File photo. (Image source: Wikimedia Commons) Photograph:( Others )
Rio de Janeiro's drug war hit a bloody crescendo Monday when at least 11 suspected criminals and one soldier were reported killed in a huge military sweep through impoverished favelas and during a rush-hour police car chase.
The military command heading security in Brazil's second-biggest city reduced its earlier toll of eight favela residents killed to five. It also announced the death from "wounds caused by a firearm" of a soldier during the same operation.
No details were given on how the people were killed or who they were.
The military command said 4,200 soldiers, backed by armoured vehicles and aircraft, entered the Penha neighbourhood and the Alemao and Mare favela complexes -- poor, densely populated swaths of city in large part run by heavily armed drug traffickers.
Only 70 police officers were said to be involved, suggesting a turnaround from previous operations into the dangerous favelas where police have taken the lead and soldiers provided backup.
According to the Rio police force, 948 pounds (430 kg) of drugs were seized in the Mare, a far bigger amount than usual in such operations, which often end with few concrete results.
Troops removed roadblocks erected by drug gangs, followed up on tip-offs against suspected traffickers, and checked vehicles and residents, the military said in a statement.
In addition, "troops distributed leaflets asking for cooperation from the population," it said.
The military said the incursion brought "positive effects" to some 550,000 residents.
However, human rights activists worried that the deaths and the overwhelming role of soldiers, as opposed to police, signalled a concerning development in Rio's unending crime wars.
"We think this is very serious. If there is confirmation that the dead were executed by officers of the armed forces, it would be a troubling change," said Silvia Ramos, from the Observatory of the Intervention, which monitors the security forces in Rio.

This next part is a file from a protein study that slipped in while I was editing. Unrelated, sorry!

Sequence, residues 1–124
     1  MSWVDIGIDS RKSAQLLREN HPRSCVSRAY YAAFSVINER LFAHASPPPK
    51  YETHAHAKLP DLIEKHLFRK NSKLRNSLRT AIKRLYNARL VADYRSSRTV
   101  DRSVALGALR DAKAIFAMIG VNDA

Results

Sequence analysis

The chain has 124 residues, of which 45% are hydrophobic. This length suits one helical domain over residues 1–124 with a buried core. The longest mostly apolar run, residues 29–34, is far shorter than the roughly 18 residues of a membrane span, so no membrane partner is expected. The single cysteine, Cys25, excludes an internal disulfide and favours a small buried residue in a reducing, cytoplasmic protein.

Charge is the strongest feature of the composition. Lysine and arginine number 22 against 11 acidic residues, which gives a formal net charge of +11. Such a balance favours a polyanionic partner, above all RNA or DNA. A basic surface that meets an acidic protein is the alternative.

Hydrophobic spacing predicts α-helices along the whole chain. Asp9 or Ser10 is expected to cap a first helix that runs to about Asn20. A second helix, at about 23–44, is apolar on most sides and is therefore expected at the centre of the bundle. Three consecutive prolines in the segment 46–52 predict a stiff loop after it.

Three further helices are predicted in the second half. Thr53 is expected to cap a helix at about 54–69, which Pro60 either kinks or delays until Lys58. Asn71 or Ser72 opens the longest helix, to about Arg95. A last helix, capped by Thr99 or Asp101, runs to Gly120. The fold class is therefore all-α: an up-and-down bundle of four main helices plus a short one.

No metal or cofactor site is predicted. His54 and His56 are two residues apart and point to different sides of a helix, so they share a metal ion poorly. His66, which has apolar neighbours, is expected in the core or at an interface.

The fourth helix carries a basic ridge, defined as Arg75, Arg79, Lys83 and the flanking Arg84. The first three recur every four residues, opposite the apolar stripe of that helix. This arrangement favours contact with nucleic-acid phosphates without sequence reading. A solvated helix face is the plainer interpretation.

"The armed forces cannot enter this logic of useless confrontations and unacceptable killings that are the hallmark of the Rio police."
In a separate incident in the Rio suburb of Niteroi, six suspected armed criminals were shot dead by police after a rush-hour car chase that briefly caused traffic snarls near one of Rio's main bridges.
Police said in a statement that "four died on the spot and two died in hospital, and three were taken, prisoner." Four assault rifles, four pistols, four grenades and seven radios were seized from two cars, police said.
A commuter bus carrying 38 people was caught in the crossfire during the shootout and hit by 14 bullets, although just one passenger was lightly injured, Globo news site reported.
Rio de Janeiro hosted the Olympics two years ago, winning widespread praise for smoothly run games. However, corruption, budget problems and spiralling crime have cast a shadow over a city that has long veered between the extremes of joyful carnivals or beach life and shocking violence.
Six months ago, Brazil's military took over all security in Rio, following the government's decision that the local police are incapable of combatting the well-armed drug gangs. While police still perform all their normal duties, their top commanders are now military officers.